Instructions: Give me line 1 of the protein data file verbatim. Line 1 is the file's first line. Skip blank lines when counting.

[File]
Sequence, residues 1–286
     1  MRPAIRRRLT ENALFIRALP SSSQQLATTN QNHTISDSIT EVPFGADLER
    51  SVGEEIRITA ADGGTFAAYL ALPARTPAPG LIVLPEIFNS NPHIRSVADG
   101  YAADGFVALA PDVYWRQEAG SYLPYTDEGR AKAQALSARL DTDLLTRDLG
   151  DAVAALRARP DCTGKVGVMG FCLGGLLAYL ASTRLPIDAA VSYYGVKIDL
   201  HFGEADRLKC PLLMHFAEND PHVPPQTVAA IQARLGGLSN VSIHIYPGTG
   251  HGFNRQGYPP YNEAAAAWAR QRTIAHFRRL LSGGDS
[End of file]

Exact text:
Sequence, residues 1–286